• Industry on both sides of the border are calling for ministers to pause anti-obesity measures because of the economic risk

  • “Pausing the introduction of the bill provides us with an opportunity to take stock”, said Scottish public health minister Joe FitzPatrick


The Scottish government has shelved plans for a clampdown on HFSS promotions, amid fears it would have had a disastrous impact on companies reeling from the coronavirus crisis.

The backtrack, which comes amid calls from industry on both sides of the border for ministers to pause anti-obesity measures because of the economic risk, was announced today and greeted as a major victory by industry leaders.

Scottish public health minister Joe FitzPatrick said the government would be “taking stock” on the impact of the outbreak on the industry, before it pressed ahead with its plans.

First minister Nicola Sturgeon announced plans last year to pass legislation in 2020 to restrict displays and promotions of high fat, salt and sugar (HFSS) foods.

But in his statement FitzPatrick said: “We are no longer planning to introduce the Restricting Foods Promotions Bill in this Parliament.

“The Covid-19 pandemic has had a significant impact, including on the food and drink and retail industries and on consumer behaviour. It is not yet clear what its long-term impact will be. It is important we understand this fully and that we assess the economic and equality impacts of our proposed measures post-pandemic.

“Pausing the introduction of the bill provides us with an opportunity to take stock. It enables us to take into account the impact of the Covid-19 lockdown, including on people’s diet and healthy weight. We will be able to consider fully whether a more wide-ranging bill is required to tackle Scotland’s diet and weight problem after the pandemic.”

The minister said tackling obesity remained a “public health priority” and added: “We remain fully committed to restricting the promotion and marketing of foods high in fat, sugar or salt where they are sold to the public and will seek to progress this measure as soon as it is possible to do so.

“Work already underway to further improve the evidence base to underpin the proposals will continue. We will also continue to engage with the other administrations in the UK to explore the scope for the possible alignment of policy and legislation.”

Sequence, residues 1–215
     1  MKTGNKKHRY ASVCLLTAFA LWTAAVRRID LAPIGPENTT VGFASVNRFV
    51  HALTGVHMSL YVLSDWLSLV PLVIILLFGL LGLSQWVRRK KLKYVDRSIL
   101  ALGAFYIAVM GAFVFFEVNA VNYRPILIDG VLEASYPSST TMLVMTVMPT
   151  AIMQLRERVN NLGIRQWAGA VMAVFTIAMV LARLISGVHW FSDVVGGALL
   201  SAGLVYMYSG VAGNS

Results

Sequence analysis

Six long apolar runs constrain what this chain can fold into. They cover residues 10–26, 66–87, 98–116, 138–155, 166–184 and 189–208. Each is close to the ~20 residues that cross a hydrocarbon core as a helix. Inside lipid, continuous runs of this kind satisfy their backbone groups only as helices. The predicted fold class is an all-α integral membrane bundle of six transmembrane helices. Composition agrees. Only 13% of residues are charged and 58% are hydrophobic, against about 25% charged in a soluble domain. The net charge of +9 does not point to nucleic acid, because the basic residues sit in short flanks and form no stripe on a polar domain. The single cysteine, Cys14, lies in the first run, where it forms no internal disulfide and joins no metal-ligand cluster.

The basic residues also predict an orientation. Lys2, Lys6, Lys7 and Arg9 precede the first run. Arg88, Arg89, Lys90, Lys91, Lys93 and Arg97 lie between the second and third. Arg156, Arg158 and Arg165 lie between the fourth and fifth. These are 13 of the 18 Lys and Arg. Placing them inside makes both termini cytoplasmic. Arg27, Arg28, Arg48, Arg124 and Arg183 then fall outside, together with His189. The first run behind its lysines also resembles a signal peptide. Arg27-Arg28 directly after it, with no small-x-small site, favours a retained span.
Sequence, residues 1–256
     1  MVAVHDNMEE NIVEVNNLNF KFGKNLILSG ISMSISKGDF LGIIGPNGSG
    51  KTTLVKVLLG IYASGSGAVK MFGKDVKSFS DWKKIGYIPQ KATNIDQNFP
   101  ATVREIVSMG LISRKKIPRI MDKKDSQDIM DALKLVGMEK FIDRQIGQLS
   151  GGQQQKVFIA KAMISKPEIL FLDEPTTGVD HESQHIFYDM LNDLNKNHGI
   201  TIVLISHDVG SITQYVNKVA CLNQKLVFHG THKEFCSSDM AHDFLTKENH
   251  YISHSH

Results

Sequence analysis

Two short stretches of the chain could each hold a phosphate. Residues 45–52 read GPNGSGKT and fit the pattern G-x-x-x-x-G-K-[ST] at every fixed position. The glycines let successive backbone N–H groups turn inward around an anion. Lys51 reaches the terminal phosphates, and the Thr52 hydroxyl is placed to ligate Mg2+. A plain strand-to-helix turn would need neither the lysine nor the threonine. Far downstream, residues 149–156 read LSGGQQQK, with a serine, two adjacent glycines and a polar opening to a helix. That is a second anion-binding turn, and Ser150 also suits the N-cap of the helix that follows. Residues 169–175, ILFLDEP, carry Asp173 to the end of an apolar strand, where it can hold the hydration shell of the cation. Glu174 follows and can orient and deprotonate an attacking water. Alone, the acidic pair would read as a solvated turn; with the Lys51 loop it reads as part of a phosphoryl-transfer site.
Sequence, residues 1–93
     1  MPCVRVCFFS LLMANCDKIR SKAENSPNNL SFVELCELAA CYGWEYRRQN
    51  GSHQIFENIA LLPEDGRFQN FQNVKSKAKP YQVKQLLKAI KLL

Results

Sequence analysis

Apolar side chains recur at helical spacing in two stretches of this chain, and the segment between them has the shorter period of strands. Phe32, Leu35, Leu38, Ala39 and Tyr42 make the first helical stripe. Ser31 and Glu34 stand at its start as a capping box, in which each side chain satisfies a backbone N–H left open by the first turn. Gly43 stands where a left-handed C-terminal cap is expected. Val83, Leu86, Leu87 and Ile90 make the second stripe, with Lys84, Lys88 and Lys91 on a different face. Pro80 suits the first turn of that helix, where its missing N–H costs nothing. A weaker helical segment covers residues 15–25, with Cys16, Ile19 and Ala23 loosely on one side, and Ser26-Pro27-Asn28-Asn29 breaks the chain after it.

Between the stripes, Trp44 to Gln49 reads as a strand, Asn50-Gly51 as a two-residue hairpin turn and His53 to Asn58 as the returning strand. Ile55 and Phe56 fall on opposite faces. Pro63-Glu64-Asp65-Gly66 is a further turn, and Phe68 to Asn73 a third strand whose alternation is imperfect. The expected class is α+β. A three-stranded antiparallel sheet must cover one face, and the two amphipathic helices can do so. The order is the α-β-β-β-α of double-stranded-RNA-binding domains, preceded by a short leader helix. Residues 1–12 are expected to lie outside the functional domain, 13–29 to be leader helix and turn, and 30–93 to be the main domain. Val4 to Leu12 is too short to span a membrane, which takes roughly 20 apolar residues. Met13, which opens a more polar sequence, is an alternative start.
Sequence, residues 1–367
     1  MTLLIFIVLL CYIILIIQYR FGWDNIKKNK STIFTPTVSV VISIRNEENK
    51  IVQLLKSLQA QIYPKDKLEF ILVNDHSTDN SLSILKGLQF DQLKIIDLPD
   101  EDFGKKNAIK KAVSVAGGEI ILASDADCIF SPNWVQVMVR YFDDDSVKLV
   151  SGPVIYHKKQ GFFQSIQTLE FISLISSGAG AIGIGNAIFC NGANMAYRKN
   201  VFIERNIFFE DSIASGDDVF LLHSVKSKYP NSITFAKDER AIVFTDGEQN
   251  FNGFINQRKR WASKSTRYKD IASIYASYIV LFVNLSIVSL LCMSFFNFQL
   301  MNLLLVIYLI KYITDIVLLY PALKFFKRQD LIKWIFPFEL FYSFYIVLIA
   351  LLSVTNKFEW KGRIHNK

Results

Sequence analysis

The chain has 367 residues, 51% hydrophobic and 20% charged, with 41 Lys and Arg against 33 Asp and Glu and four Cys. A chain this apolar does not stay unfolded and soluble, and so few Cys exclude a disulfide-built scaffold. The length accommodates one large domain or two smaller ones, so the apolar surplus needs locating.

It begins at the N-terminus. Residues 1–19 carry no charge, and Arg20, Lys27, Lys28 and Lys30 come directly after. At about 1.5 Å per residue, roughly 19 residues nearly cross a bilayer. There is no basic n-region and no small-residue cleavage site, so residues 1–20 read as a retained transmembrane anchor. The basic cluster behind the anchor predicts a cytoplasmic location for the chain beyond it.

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Scotland’s u-turn comes amid great speculation over the Westminster government’s plans for obesity, amid growing pressure from campaigners for similar delayed moves in the UK on HFSS promotions to go ahead, and reports Boris Johnson is planning a clampdown on obesity because of his own Covid-19 experience.

Yesterday, an editorial published in the BMJ by researchers at Queen Mary University of London, claimed that the toll of coronavirus, which has seen more than 40,000 deaths in the UK, was exacerbated by the obesity pandemic.

It followed a report by Public Health England last week that suggested people with obesity were more likely to become victims of the coronavirus outbreak.

Food industry bosses have described this as “deeply offensive” and have also been calling on ministers to shelve any plans because of the economic risk to companies.

“We welcome the announcement that the Scottish government will not bring forward legislation to restrict the promotions of food and drink products,” said David Thomson, CEO of FDF Scotland.

“The Scottish government has listened to FDF Scotland and our members’ concerns that these proposals would have had a devastating economic impact on smaller Scottish food businesses, who sell the majority of their products in Scotland.

“Our food and drink manufacturers are facing increasingly difficult times due to the impact of the coronavirus crisis, as well as the uncertainty around the UK’s future trade deals with the EU and further afield. We call on the Scottish government to continue to work with us to ensure our vital sector is supported to recover and prosper into the future.

“Our members take their role in improving the health of the Scottish people seriously and will continue to play their part. FDF Scotland’s reformulation project manager, funded by the Scottish government, is helping small to medium-sized food companies to make their products healthier.”